About

The band that would morph into Jack Rabbit and the Pubic Hares formed (or more accurately tripped over one another) in the early seventies. Influenced by Billy Thorpe and the Aztecs, the band played only one song –  an extended version of “Rock me baby” that lasted three years. Inspired by The Bonzo Dog (Doo Dah) Band, and changing their name weekly, (“Buckshot” to “Stretchy Fletcher and the Rubber Band”) they cobbled together a repertoire of Bonzo covers, punk versions of Sammi Davis Junior songs and anything else with two chords.

The critics were not kind.

Jack Rabbit and The Pubic Hares - Round Logo “As attractive as Bachman Turner Overdrive, as exciting as The Captain and Tennille, as progressive as The Carpenters and as sober as Harry Nilsson.”

 

“Fingernails down a blackboard”

 

“This band is to music as Hitler was to public relations”

Realising some hard and ruthless decisions had to be made, wholesale changes to the line up were unfortunately necessary. No-one actually left, but the keyboard player took over drums, the guitarist moved to bass, and the singer picked up the guitar. It sounded no better but it signalled to the world that they were at least trying.

After an unsuccessful attempt to register “Jack Rabbit and the Pubic Hares” as a trading name, they finally succeeded in 1979, although they had to change “Pubic” to “Public” and sign an affidavit to that effect. (Officially they remained “Public” until twenty years later)

Tired of butchering other artist’s songs they decided to write their own material, confident they possessed the talent to butcher thoseas well instead. They succeeded beyond their wildest dreams – butchering them that is!

They gradually assembled a collection of deep and meaningful outpourings based on STD’s, body parts, football, cars and various unsavoury habits. Their first release, creatively titled “The Jack Rabbit and the Pubic Hares Collection” came out in 1980 and though rare, is today much sort after by collectors as chocks for uneven table legs.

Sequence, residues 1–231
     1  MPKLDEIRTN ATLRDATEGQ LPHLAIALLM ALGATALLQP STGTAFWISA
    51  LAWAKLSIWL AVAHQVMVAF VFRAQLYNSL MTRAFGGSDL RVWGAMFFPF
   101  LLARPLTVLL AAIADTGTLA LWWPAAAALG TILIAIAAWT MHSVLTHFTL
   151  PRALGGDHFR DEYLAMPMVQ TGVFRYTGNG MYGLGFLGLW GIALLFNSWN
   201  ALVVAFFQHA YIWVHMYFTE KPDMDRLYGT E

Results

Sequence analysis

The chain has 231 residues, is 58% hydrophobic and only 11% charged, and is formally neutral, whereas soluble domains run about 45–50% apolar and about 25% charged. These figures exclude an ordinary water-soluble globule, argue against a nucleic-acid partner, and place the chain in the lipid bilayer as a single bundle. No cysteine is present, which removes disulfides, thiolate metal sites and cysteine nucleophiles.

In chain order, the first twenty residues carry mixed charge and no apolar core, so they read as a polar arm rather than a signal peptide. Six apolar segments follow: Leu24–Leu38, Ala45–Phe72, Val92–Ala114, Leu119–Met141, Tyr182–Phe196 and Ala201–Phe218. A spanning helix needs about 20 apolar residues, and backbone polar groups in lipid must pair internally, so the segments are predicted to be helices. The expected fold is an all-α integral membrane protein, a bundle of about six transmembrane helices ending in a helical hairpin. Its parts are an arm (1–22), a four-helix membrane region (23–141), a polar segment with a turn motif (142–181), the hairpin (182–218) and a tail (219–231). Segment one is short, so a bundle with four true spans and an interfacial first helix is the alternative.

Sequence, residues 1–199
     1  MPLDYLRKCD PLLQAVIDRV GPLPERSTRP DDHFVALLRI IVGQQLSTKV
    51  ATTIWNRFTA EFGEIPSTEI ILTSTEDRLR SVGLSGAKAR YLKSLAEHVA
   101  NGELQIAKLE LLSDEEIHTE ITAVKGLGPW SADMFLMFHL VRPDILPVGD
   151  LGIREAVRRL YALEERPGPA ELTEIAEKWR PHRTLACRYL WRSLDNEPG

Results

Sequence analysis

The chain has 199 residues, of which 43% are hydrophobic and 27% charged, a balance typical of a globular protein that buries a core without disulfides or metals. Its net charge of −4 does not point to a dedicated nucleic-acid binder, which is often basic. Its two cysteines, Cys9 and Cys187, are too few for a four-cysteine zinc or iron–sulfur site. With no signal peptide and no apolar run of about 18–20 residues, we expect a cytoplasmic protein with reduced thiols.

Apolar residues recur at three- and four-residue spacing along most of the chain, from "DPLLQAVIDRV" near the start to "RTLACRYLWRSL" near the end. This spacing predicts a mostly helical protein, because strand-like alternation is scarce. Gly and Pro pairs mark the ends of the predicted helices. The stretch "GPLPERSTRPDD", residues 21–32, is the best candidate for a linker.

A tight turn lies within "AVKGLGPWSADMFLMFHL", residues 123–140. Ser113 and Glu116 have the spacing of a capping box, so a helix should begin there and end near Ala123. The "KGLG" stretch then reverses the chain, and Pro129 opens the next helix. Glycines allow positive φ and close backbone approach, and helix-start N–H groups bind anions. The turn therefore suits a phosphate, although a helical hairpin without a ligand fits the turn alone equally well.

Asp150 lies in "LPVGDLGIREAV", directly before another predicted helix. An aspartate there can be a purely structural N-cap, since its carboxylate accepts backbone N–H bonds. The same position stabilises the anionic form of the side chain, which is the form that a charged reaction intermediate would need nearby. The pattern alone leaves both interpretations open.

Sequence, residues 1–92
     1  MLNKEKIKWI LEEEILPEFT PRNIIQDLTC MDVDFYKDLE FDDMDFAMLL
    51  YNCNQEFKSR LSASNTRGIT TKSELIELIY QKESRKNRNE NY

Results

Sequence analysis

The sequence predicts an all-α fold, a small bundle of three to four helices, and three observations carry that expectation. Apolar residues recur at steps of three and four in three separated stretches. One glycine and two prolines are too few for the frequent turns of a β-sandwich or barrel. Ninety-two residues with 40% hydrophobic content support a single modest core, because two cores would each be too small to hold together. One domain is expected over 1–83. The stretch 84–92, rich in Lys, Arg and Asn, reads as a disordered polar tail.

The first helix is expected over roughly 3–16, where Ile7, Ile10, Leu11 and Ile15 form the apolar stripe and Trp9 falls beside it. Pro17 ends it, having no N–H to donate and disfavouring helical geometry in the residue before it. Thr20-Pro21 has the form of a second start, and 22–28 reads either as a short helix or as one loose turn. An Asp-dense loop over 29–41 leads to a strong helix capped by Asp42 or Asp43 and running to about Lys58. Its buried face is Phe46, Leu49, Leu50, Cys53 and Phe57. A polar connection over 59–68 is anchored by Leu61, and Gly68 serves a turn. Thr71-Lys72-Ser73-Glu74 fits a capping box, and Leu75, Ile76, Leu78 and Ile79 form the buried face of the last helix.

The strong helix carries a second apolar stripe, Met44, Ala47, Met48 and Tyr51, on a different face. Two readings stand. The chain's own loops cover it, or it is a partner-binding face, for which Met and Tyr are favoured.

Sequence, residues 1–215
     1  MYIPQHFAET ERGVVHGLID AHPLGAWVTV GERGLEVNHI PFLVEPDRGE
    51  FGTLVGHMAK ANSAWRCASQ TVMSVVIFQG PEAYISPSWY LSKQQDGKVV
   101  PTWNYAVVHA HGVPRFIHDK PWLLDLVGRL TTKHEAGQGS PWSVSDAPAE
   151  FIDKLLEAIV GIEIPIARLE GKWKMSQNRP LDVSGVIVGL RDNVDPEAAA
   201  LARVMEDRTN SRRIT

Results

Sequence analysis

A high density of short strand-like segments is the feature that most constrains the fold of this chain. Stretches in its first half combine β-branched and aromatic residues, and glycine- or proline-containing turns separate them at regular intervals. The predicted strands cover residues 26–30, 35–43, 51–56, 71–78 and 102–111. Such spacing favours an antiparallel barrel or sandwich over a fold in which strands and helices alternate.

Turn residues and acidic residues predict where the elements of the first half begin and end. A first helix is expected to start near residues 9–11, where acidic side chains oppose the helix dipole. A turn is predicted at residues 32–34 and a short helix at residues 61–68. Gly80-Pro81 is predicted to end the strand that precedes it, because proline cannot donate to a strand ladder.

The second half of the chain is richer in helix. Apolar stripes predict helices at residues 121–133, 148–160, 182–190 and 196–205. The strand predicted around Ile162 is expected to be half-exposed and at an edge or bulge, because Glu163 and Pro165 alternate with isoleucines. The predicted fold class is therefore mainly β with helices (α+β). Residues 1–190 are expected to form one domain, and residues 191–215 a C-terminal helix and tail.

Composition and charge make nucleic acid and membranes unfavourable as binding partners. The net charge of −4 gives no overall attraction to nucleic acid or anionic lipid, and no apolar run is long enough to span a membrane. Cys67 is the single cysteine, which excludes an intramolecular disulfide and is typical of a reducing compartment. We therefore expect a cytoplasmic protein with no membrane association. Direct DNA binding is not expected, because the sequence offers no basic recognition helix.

It would be another twenty years until their next offering, the even more imaginatively titled “Jack Rabbit and the Pubic Hares” (which has become better known as “Buy Two Pots and Grab Your Nuts” courtesy of a promotional sign that happened to be hanging over the bar during the photo shoot which none of the band noticed.)

2007 saw the release of “Underground Mutton” featuring the inspired artwork of comic genius Fred Negro.

During their thirty plus years together, more than thirty musicians have been through the band – and a similar number have played with the band! Nine guitarists, eight drummers, five or six bass players, several keyboard players and countless other guest instrumentalists and vocalists. Some stay for a decade, some for a night, some for a song. Some have departed only to realise the error of their ways and return to beg a second chance.

What is the secret to the band’s longevity?

They don’t give a stuff about the money
They don’t give a stuff about the music
They don’t give a stuff about being middle aged
They don’t give a stuff about looking ridiculous
And they don’t give a stuff about each other (especially the drummer)
But they passionately care about the drinks rider!

In the words of promoter Steve Prictor

“IT’S A !*?# OF A NAME, BUT JACK RABBIT AND THE PUBIC HARES ARE A MIGHTY FINE BAND WHO, FOR REASONS BEST KEPT TO THEMSELVES, SING ANTHEMIC DITTIES ABOUT SUBURBAN AUSTRALIAN CULTURE WITH THE SINGER DRESSED IN A MOTH RAVAGED COW SUIT.

IT DOESN’T GET ANY BETTER, WHICH IS KIND OF SAD, REALLY.”